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It’s All Sunshine and Rainbows Until…

By Bella Thomas

This Happened To Me
In May 2019, my father was diagnosed with skin cancer. He noticed a spot developing on his
nose, so he scheduled an appointment to have it checked out. This spot turned out to be basal
cell carcinoma. Later that year in August, my mother was also diagnosed with basal cell
carcinoma during a routine dermatology visit. This spot was located on the back of her shoulder,
making her virtually unaware of any abnormalities. While my dad was able to have his skin
cancer spot removed in a simple procedure at the dermatologist’s office, my mom had a different
experience. She had to undergo a more in-depth procedure since the spot was somewhat
large. Now, my mom has a scar on her shoulder from the procedure. While both of my parents
were able to have their spots removed and recover, not everyone is so lucky.


My Story is Not Unique, Here’s the Problem
One person dies from skin cancer every 50 minutes (3). Basal cell carcinoma is a type of skin
cancer that develops in the basal cells of the epidermis and accounts for nearly 80% of skin
cancers (1). Because this type remains relatively superficial, basal cell carcinoma does not
typically spread to other tissues (1). Basal cell carcinoma can be the result of prolonged sun
exposure, so common places for these spots to occur include the head, neck, and arms (5).
This type of carcinoma is more common in people with fair skin, but it does not discriminate (4).
Each year, there are over 4 million cases of basal cell carcinoma in the United States alone (2).
While it is rare, basal cell carcinoma can spread to other tissues in the body if
left untreated (2). Treatments for basal cell carcinoma include cryotherapy, laser treatments,
surgery, and chemotherapy (2). As for prevention measures, there are relatively simple actions
that one can take to reduce the risk of skin cancer. Avoiding sun exposure during the hours of
10am to 4pm, routinely using sunscreen that is at least SPF 30, and avoiding tanning beds
are recommendations made by Cleveland Clinic (2). Also, making routine dermatology visits is a
great way to keep up with health (3). These dermatology visits are especially important because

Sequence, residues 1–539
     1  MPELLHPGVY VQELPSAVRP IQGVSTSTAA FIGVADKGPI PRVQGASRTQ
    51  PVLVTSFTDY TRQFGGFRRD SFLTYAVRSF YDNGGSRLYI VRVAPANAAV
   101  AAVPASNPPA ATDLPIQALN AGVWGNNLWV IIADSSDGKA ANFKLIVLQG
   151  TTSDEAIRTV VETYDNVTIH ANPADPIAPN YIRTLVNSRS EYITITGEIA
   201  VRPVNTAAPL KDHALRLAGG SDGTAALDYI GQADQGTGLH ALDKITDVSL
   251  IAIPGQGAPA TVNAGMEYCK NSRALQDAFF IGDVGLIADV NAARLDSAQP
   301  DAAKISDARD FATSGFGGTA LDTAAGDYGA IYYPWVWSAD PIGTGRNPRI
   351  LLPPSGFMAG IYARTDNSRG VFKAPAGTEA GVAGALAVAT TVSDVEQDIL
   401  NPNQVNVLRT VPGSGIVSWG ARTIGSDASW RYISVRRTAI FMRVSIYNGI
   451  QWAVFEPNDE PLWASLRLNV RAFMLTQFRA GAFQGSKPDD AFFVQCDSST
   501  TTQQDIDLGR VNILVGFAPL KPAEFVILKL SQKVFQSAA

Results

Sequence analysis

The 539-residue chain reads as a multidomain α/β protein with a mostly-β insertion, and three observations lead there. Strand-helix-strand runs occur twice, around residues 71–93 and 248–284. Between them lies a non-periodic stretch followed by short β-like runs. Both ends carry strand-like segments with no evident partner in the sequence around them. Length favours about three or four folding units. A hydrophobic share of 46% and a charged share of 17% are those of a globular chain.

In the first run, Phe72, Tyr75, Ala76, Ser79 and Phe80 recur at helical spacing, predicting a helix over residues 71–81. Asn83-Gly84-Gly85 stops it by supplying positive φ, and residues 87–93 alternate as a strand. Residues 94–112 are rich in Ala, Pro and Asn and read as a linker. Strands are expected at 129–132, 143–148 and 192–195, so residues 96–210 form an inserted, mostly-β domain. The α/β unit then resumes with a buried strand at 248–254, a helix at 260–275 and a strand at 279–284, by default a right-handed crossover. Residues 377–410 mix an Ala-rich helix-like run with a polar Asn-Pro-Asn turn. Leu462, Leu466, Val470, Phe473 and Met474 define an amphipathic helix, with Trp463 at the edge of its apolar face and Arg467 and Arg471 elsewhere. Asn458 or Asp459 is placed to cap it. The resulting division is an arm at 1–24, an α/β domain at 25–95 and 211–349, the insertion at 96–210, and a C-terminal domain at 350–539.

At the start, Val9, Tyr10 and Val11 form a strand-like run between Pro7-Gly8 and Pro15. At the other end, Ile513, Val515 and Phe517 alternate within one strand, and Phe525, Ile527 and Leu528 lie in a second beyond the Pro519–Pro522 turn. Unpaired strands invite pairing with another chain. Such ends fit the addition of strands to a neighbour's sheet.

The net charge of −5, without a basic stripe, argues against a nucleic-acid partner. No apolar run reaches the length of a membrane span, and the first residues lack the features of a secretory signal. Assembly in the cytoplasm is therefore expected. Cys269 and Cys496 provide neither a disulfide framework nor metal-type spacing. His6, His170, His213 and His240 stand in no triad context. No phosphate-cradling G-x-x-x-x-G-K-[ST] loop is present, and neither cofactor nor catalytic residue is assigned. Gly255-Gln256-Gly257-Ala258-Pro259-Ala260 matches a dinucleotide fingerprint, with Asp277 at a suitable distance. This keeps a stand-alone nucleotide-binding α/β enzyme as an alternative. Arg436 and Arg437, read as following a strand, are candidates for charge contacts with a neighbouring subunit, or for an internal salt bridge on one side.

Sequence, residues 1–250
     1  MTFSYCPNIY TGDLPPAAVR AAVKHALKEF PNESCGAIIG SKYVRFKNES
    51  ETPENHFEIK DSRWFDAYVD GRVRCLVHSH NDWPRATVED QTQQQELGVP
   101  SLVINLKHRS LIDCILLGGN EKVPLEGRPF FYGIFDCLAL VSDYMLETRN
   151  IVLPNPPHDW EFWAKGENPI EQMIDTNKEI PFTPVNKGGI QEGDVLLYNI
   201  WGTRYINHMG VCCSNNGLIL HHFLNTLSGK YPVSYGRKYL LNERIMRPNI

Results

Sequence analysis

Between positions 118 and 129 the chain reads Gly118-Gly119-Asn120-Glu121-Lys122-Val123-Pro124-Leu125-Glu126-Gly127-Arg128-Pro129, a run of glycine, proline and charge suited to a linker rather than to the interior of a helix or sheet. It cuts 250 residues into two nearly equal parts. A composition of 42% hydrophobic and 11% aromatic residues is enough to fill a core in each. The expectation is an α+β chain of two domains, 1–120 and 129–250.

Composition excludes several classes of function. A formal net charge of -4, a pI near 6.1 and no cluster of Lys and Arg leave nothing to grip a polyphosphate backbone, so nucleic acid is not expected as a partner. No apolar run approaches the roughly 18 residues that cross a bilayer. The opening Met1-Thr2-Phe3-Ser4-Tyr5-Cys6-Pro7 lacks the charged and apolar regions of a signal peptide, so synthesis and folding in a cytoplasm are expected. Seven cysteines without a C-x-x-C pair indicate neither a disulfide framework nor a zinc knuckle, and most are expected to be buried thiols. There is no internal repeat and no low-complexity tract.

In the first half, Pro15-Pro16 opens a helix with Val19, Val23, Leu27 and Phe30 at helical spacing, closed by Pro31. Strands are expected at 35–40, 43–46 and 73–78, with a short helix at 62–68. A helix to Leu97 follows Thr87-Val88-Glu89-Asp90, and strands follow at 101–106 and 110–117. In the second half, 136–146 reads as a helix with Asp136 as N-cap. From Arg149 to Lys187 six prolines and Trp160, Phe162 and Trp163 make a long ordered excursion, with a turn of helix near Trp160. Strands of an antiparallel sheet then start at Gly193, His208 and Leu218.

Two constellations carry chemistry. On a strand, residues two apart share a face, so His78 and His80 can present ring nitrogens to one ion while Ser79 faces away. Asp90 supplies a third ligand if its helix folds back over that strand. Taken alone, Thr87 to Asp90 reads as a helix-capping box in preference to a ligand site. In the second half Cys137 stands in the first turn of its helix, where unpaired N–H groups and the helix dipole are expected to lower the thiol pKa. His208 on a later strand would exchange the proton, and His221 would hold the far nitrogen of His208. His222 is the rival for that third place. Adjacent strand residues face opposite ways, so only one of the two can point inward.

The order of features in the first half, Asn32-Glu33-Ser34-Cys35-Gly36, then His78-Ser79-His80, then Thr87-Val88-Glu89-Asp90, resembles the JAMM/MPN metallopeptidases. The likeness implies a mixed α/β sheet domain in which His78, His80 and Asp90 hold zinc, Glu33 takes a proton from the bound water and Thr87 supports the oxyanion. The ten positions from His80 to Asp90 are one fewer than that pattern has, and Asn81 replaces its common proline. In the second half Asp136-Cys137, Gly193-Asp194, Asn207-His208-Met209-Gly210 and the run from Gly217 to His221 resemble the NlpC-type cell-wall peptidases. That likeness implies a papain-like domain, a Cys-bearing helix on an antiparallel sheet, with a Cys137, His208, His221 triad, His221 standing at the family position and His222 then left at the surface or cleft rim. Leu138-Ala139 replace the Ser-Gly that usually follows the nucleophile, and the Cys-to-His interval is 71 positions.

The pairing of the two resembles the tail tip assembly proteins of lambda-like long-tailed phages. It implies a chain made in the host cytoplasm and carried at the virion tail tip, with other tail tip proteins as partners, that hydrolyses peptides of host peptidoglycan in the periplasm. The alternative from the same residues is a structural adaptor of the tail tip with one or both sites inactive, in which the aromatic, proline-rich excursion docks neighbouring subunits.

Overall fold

30% of melanoma in men occurs on the back, making it difficult for one to detect abnormalities
on themselves (3).


Here is a Non-profit looking to solve that problem
A nonprofit organization looking to solve this problem is Impact Melanoma. Impact Melanoma
started in 1999 as the Massachusetts Melanoma Foundation but has since grown into something
much larger. This nonprofit aims to raise awareness for melanoma and debunk some common
myths and misconceptions about the condition. For example, the website highlights that
melanoma is not just an “old people” cancer, as it is the second most common cancer in the
15-29 age group (3). Impact Melanoma hosts events to spread melanoma awareness and
attempts to implement public policy measures that aim to provide melanoma protection. A public
policy venture they are working on right now is the accessibility of public sunscreen dispensers
(3). Through their partnership with BrightGuard, over 4,000 sunscreen dispensers have been
established for the public to benefit and protect their skin from harmful UV rays (3). Impact
Melanoma even has a way for college students specifically to get involved! Through their
website, students can sign up for the Your Skin is In campaign (6). This campaign features an online course that students can participate in, and it is completely free! Upon completion of this
course, you become a Your Skin Is In ambassador, which is a unique opportunity for those who
are passionate about skin safety to take part in (6). Becoming a skin smart ambassador can
assist students in spreading awareness about melanoma. Impact Melanoma currently has nine
partner universities and institutions that are committed to skin safety (6).


Here’s What You Can Do To Help Right Now!
To help fight this problem, you can donate to Impact Melanoma right from their website at
https://impactmelanoma.org/donate/. With the donations they receive, Impact Melanoma is able
to fund its existing initiatives, such as No Sun for Babies and Safe Skin at Work, and allocate
resources to new programs (3). While the rise of melanoma is not a problem that can be fixed
by one person, change starts at the individual level. From a simple donation to help an
organization fund its programs to becoming a Skin Smart Ambassador yourself, there is a way
for everyone to help fight melanoma.

References

  1. American Cancer Society. (2019, July 26). What Are Basal and Squamous Cell Skin
    Cancers? | Types of Skin Cancer. American Cancer Society.
    https://www.cancer.org/cancer/basal-and-squamous-cell-skin-cancer/about/what-is-ba
    sal-and-squamous-cell.html
  2. Cleveland Clinic. (2022, August 31). Basal Cell Carcinoma: Causes, Symptoms &
    Treatment. Cleveland Clinic.
    https://my.clevelandclinic.org/health/diseases/4581-basal-cell-carcinoma
  3. Impact Melanoma – IMPACT Melanoma. Retrieved September 18, 2022, from
    https://impactmelanoma.org
  4. Melanoma Incidence and Mortality, United States–2012–2016 | CDC. (2019, June 27).
    Centers for Disease Control and Prevention. Retrieved September 18, 2022, from https://www.cdc.gov/cancer/uscs/about/data-briefs/no9-melanoma-incidence-mortality-UnitedStates-2012-2016.htm
  5. Types of skin cancer. (2022). American Academy of Dermatology. https://www.aad.org/public/diseases/skin-cancer/types/common
  6. Your Skin is In. (2022). IMPACT Melanoma. https://impactmelanoma.org/your-skin-is-in/

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